BHP Billiton Limited (ASX: BHP) has posted a US$6.4 billion loss for the 2016 financial year (FY16) as revenues tumbled 31% to US$30.9 billion.

There was nothing pretty about the announcement summed up in the image below.

BHP Billiton FY16 results

Source: Company report

Perhaps the most important numbers are the underlying attributable profit of US$1.2 billion and earnings per share of US 22.8 cents.

Commodity prices wreak havoc

As you might expect from a resources company, commodity prices played a big part in the loss, causing a US$10.2 billion shortfall. And every major commodity BHP is involved in saw prices tumble in FY16 compared to FY15. Oil fell as much as 43%, while the best performing commodity was thermal coal – which only ‘lost’ 17% of its value.

Writeoffs

BHP has also taken some substantial impairments this financial year which haven’t helped. In total BHP reported significant one-off items of US$9.7 billion before tax, including US$7.2 billion for US onshore (petroleum) assets and US$2.45 billion allocated to the Samarco dam failure.

Dividends

The miner has declared a final dividend of US 14 cents per share, adding to the US 16 cents per share paid in the first half of FY16. That’s a massive fall (down 76%) from the US$1.24 of dividends paid in the 2015 financial year – but also the first year after BHP Billiton abandoned its progressive dividend policy and began its policy of paying out a minimum of 50% of underlying profit to shareholders.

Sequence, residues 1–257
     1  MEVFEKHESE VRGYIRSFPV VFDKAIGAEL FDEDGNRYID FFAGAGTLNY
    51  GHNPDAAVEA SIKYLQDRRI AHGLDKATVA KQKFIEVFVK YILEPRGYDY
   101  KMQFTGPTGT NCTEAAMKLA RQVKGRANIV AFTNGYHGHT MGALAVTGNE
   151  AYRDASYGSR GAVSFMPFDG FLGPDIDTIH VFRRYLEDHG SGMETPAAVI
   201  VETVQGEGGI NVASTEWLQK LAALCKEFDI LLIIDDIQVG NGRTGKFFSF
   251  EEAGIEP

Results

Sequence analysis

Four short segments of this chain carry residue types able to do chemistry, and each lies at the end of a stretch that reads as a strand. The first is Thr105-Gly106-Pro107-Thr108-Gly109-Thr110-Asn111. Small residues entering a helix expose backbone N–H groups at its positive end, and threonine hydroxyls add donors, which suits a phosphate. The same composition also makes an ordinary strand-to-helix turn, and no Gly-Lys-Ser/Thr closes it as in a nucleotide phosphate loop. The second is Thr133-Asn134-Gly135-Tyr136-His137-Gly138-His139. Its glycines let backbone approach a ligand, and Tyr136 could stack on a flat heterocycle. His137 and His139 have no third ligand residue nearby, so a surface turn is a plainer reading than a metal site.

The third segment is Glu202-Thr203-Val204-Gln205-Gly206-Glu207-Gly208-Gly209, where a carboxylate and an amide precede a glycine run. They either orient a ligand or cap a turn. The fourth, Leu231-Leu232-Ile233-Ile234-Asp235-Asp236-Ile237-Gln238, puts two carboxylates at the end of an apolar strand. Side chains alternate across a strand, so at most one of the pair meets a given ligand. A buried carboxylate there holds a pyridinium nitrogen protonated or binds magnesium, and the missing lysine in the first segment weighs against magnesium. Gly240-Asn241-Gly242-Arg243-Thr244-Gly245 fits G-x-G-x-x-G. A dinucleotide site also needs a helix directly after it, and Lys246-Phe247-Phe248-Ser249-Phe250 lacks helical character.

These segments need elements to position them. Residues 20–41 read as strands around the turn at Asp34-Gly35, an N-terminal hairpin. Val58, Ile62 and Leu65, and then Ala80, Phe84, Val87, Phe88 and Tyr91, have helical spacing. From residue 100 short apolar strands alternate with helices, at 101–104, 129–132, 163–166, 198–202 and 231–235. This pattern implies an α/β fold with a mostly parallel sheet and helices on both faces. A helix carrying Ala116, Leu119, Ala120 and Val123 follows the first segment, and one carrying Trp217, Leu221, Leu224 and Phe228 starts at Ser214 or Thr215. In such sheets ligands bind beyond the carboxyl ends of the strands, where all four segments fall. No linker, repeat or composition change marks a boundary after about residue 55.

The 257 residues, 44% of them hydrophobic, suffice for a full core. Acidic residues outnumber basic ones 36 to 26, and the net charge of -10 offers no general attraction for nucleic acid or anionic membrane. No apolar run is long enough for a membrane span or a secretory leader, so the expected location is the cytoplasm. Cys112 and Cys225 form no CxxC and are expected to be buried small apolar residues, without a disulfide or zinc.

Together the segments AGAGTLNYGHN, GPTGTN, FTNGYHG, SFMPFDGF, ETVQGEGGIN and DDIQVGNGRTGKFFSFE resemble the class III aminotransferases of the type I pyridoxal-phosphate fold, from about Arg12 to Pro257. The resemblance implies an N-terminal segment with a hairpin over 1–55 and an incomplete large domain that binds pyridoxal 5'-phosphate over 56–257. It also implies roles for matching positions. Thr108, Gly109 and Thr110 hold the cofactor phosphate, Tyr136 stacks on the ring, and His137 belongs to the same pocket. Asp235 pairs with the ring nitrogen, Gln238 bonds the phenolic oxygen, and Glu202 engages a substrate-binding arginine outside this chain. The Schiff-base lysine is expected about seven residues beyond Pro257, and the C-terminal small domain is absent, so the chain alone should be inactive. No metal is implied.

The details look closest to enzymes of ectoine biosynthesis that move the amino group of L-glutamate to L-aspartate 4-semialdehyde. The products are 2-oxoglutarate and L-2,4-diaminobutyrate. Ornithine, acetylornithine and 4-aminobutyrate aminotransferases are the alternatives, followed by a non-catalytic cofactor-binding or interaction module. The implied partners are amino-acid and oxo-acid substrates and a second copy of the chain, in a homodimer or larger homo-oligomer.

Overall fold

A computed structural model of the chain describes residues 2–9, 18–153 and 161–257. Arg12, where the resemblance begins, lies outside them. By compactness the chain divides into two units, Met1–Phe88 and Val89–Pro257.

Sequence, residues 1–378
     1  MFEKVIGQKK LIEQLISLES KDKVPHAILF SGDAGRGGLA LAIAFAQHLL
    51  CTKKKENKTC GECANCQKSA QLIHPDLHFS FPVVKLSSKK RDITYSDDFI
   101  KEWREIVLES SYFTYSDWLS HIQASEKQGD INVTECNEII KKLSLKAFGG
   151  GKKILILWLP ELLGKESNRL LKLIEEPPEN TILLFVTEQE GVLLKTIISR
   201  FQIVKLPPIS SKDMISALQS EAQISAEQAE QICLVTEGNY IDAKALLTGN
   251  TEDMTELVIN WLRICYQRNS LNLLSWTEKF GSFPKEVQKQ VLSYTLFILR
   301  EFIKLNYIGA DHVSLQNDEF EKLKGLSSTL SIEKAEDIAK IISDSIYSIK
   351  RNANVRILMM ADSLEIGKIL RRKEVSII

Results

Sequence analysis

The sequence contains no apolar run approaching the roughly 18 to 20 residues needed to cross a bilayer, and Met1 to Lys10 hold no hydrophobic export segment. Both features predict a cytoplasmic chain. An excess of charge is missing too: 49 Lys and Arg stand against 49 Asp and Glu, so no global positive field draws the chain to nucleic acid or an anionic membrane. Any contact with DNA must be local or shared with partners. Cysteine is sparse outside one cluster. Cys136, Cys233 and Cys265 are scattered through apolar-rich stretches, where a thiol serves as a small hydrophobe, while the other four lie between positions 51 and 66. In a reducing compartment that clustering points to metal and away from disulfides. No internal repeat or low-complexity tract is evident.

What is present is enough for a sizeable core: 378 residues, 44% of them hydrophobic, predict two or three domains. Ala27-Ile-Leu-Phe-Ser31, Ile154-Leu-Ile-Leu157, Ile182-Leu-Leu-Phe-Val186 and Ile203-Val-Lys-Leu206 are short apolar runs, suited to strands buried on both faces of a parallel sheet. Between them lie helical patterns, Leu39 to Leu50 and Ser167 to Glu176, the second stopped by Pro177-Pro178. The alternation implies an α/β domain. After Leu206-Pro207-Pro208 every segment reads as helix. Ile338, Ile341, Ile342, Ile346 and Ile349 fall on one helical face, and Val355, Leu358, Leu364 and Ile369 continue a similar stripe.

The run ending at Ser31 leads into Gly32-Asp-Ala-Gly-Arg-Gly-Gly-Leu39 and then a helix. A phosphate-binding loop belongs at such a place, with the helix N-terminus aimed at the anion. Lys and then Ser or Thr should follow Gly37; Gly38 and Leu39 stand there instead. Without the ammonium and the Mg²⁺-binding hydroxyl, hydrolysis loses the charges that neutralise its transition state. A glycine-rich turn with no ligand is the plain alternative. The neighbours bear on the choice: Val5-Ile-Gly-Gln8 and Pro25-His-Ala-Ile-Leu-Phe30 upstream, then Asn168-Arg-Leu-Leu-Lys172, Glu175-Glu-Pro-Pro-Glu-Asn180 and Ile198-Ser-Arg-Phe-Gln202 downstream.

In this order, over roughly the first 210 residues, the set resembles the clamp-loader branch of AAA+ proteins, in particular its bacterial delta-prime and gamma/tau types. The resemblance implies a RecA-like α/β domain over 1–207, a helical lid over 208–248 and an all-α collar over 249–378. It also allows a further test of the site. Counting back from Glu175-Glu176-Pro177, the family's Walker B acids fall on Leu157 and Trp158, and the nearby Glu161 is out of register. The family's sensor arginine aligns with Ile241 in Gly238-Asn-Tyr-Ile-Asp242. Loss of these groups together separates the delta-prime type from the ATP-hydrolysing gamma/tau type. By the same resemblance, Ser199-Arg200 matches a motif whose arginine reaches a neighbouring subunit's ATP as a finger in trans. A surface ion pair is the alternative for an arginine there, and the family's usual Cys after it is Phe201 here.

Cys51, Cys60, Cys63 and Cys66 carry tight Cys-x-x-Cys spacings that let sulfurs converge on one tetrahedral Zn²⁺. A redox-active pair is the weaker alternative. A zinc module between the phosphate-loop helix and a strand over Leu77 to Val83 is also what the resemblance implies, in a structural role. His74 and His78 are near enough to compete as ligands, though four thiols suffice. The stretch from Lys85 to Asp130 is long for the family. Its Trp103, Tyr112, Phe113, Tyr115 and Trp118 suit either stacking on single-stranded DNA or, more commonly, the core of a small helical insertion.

What now for BHP Billiton?

While the miner appears confident that the outlook appears a little brighter than last year, BHP also warned about China’s slowing economy, softening steel production in China in the second half of 2016, growing supplies of copper and weaker demand, and oil prices to trade in a rough range around current prices.

Foolish takeaway

BHP is focusing on productivity improvements and removing costs from its operations, further cutting back capital expenditure and improving its free cash flow generation. What else can the miner do?

While the underlying profit result was better than the US$1.09 billion expected by analysts, the overall result doesn’t exactly exude confidence about the future for BHP and its shareholders. Many are likely to be hugely disappointed by this result.

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Motley Fool writer/analyst Mike King doesn't own shares in any companies mentioned. You can follow Mike on Twitter @TMFKinga

The Motley Fool Australia has no position in any of the stocks mentioned. We Fools may not all hold the same opinions, but we all believe that considering a diverse range of insights makes us better investors. The Motley Fool has a disclosure policy. This article contains general investment advice only (under AFSL 400691). Authorised by Bruce Jackson.